Testimony in Mobile Walmart arson case touches on false claims, sex parties and alleged coercion
As sentencing looms, attorney for purported leader of conspiracy seeks to discredit prosecution witness
MOBILE, Ala. (WALA) - The lawyer for a man accused of orchestrating a conspiracy to set fires to Walmart stores spent Friday morning grilling the woman who has admitted starting the blazes.
A marathon two-day evidentiary hearing concluded without any of the defendants learning their punishment. Most of them will be sentenced next week.
Jeffery Sikes pleaded guilty in October to conspiracy to maliciously set fires. Although he has admitted guilt, his attorney contested characterizations of his client as a manipulative charlatan who practically brainwashed his co-defendants.
“That’s a good defense for the co-defendants to point the finger and say they were just hanging out with the wrong crew, that they’re a babe in the woods,” attorney Tom Walsh said after the hearing. “But, you know, I’m just focused on my client.”
Court records indicate that Sikes, his wife and several others lived together as a “family” in a rented house in Lillian, plotting their campaign to force change at the nation’s largest retailer. They have admitted to distributing a manifesto called “Declaration of War and Demands for the People,” which outlines various grievances against Walmart and makes demands that include higher pay and better working conditions for employees.
The FBI began investigating after a fire severely damaged the Watlmart in Tillman’s Corner on the Friday before Memorial Day in 2021. That came a day after fire damaged the Walmart on the Interstate 65 Beltline Road. Before law enforcement authorities arrested the defendants, they had hit two additional Walmartts – in Gulfport and Biloxi, both on June 4 of that year.
Federal prosecutors are recommending a prison term for Sikes at the high end of advisory guidelines, which is nine years. Prosecutors also are seeking $6.3 million in restitution for Walmart – an amount that Walsh said likely never will be paid.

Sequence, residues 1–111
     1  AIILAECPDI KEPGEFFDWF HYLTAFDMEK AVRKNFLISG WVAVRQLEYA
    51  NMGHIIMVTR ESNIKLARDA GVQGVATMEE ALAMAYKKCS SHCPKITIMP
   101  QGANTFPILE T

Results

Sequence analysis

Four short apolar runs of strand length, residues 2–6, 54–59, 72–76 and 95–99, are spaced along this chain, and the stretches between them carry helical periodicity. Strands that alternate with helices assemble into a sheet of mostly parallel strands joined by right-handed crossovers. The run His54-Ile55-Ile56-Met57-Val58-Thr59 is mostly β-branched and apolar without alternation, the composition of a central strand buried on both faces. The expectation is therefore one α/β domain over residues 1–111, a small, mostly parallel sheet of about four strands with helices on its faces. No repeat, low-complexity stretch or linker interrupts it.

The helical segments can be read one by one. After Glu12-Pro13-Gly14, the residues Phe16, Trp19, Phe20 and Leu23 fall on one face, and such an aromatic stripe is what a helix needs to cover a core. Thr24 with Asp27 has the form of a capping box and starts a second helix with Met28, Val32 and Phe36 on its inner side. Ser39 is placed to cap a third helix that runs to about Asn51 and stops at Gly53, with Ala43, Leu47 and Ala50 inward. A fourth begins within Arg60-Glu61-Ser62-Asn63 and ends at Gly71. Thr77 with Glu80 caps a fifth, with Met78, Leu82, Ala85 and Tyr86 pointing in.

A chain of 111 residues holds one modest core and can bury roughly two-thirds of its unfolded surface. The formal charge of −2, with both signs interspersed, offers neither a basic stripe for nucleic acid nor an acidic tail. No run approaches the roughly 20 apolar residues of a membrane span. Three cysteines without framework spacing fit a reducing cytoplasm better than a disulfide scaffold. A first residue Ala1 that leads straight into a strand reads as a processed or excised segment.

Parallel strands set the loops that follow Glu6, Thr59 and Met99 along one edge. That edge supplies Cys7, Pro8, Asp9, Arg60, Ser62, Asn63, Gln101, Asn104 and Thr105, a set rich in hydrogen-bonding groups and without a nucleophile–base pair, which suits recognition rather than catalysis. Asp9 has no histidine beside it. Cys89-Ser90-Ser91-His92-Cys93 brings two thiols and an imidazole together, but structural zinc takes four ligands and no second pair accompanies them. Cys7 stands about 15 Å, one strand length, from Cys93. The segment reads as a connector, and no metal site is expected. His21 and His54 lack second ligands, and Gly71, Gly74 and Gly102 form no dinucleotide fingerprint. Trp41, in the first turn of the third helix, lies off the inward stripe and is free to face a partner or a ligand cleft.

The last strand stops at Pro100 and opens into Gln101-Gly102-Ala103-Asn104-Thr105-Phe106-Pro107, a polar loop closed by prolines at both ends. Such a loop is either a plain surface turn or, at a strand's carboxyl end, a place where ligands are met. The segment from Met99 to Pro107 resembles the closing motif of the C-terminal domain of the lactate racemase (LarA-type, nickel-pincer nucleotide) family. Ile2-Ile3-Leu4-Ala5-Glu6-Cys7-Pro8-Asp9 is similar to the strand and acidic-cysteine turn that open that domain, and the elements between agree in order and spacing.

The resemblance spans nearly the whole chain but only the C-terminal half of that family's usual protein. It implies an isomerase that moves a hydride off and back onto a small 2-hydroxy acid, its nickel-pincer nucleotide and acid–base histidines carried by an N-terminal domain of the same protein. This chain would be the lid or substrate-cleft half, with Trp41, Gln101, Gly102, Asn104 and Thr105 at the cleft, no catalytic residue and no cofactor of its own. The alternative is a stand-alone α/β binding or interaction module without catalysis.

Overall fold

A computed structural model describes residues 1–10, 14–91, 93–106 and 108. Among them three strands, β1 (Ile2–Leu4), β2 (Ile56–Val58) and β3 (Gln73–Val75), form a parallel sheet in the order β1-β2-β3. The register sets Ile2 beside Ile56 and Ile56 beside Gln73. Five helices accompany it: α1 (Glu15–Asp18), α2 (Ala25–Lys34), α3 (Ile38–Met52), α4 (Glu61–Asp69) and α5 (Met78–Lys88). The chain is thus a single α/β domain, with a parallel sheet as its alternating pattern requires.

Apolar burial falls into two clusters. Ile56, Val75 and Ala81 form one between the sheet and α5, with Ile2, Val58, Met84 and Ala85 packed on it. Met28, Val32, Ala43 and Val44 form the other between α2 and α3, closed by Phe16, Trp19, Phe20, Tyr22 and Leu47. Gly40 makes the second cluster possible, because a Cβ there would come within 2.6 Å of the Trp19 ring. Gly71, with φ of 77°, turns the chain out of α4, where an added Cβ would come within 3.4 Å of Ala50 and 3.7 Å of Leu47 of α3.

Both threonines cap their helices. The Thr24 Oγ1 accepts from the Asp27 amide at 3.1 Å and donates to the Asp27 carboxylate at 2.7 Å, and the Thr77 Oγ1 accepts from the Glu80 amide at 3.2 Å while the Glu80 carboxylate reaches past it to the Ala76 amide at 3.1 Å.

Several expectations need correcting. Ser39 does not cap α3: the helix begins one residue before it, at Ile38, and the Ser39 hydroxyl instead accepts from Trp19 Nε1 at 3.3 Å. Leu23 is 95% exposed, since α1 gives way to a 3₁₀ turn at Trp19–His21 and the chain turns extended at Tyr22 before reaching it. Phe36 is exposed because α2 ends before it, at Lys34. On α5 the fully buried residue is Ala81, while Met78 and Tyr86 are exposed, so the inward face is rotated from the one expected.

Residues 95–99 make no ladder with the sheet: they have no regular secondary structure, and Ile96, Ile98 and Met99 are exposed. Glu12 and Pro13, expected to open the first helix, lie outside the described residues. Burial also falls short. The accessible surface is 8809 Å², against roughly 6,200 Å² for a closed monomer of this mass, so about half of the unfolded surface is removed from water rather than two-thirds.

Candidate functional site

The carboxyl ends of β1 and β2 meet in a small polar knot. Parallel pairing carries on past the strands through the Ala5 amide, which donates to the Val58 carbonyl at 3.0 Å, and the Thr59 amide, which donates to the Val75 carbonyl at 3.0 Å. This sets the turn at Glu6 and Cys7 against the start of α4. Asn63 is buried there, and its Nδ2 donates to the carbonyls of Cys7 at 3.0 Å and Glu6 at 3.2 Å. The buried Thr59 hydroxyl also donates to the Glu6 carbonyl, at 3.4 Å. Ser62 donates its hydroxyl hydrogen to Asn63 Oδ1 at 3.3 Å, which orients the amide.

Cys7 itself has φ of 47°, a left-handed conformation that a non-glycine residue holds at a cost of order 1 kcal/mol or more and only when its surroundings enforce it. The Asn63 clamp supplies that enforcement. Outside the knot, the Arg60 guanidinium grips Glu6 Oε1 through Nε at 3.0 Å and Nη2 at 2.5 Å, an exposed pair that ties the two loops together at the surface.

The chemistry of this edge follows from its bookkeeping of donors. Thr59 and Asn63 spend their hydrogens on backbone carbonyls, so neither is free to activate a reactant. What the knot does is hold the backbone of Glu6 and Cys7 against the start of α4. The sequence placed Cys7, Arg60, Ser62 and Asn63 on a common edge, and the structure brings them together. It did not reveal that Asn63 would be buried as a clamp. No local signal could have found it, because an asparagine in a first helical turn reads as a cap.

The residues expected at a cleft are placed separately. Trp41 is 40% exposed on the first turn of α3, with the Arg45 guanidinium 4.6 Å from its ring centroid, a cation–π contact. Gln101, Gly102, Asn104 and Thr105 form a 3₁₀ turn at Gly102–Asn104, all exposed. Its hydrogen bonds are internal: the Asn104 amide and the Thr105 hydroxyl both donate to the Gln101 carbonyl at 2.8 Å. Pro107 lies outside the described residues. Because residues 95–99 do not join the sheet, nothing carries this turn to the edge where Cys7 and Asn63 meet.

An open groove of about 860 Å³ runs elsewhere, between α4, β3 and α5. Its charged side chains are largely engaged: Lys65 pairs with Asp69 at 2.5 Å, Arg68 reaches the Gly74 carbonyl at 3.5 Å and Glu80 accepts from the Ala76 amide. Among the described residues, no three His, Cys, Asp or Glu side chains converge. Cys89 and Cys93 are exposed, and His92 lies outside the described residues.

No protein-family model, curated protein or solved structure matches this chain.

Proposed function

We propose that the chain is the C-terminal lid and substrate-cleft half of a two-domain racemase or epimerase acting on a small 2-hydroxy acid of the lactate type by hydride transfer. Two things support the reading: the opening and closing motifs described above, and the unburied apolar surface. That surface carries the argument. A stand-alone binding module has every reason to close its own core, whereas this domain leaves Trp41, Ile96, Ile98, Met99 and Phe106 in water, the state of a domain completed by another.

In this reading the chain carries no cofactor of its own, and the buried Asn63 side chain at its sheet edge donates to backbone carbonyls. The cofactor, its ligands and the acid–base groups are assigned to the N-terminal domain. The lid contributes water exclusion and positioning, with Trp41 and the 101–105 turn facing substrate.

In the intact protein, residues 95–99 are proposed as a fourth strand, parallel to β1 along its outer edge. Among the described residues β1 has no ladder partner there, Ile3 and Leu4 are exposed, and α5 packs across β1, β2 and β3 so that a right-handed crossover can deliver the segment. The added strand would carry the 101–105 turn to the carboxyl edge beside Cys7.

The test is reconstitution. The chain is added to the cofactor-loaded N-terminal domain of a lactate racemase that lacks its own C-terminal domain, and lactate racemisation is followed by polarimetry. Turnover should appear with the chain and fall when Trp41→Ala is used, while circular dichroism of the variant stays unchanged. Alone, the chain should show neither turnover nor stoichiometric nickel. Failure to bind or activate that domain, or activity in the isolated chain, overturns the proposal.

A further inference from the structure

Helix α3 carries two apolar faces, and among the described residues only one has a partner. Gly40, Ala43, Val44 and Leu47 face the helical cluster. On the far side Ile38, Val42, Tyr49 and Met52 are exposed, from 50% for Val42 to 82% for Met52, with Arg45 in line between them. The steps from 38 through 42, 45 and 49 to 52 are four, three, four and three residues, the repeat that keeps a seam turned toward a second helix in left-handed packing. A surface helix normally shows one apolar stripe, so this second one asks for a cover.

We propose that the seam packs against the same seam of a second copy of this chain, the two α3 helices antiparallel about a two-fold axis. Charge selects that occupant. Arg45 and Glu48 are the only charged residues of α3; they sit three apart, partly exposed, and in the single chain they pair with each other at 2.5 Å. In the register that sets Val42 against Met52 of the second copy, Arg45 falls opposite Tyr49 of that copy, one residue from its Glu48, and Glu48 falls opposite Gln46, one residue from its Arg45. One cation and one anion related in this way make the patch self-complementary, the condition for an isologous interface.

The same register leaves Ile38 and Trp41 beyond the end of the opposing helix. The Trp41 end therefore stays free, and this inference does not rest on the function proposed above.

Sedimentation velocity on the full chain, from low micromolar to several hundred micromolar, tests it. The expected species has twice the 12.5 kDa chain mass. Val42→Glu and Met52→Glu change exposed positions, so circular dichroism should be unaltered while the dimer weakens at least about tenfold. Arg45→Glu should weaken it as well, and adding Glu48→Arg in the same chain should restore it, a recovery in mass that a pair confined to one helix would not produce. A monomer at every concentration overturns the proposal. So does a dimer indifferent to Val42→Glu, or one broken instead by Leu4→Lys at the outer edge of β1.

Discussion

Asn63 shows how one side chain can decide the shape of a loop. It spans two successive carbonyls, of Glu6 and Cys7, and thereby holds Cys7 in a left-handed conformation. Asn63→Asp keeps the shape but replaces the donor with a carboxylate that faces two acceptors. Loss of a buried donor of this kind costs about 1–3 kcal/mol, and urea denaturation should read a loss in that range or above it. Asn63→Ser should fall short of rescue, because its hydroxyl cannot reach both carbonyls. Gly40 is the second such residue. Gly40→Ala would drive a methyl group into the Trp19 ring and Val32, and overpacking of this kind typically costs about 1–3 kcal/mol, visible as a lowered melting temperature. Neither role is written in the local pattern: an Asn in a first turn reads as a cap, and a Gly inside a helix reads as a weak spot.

U.S. District Judge Terry Moore told the defense lawyers that he had not made up his mind about sentencing but put them on notice that based on what he had heard over the past two days, he may hand down punishment outside the advisory guidelines.
Mikayla Scheele, the woman who admitted to setting the fires, testified that Sikes coerced her for years, dating to when she was a vulnerable teenager a decade ago. She said she started using drugs and alcohol and left home at age 16. Eventually, she said, she moved in with Sikes and his wife in Nebraska.
Scheele, 29 described getting paid by Sikes for sex and attending sex parties with him and his wife. She testified that he was abusive and controlling. She said that she set the fires at his behest and felt she could not resist.
“I was terrified,” she said. “I felt like if I did that, I would be killed, or my family would be killed.”
Walsh tried to discredit Scheele. She acknowledged that in addition to the drug use and underage drinking, she also participated in a house-break-in as a teenager the resulted in the theft of a safe. She attributed her behavior to falling in with the wrong crowd.
“You had shoplifted and broken the law long before you met Jeff, right?’ Wash said.
Noting that Scheele also committed the recent offenses against Walmart, he asked: “Did you ever think maybe, just maybe, you’re the wrong crowd?”
Walsh also challenged the notion that Scheele was helpless to resist his client. He asked why she never sought help from her “stripper friends” and she worked as an exotic dancer in Pensacola or why did didn’t seek out a security guard at one of the Walmarts she set on fire.
U.S. District Judge Terry Moorer also heard testimony Friday from John Winsatt, who was the manager of the Tillman’s Corner Walmart in 2021. He testified that he was covering the Beltline store on May 28 that year when he got a call reporting a “code red,” indicating a fire at his store on Rangeline Road.
“I didn’t believe it, actually,” he said.
Winsatt testified that when he arrived, he saw “a lot of chaos and confusion.”
Winsatt said the damage was “catastrophic. It was a total loss.”
He said the store lost its entire inventory, costing $8.5 million and shutting it down for 14 days.
Crystal Ferguson, who handled online sales for the store, testified that the smoke that day was bad.
“I walked toward the smoke, and it was quite thick. … It filed the whole store,” she said.
FBI Special Agent Brian Martin laid out Sikes’ background, which includes his creation of an organization called “The LOVE Movement.” He and other defendants are listed as members of the group’s “Board of Justice.” The agent testified that Sikes bragged – falsely – about creating businesses with billionaires Mark Cuban and Elon Musk. Scheele also testified that Sikes claimed to have been in the FBI.
They are among many statements documented in court records that the FBI characterizes as fanciful. The “LOVE Movement” document makes references to a paramilitary group called the Black Angels. Martin testified that it does not exist. He also testified that that there is no evidence to back claims in the Walmart manifesto that Sikes had teams of military veterans across the country prepared to attack Walmarts.
Sikes will be the first defendant to be sentenced. That will take place Tuesday morning.
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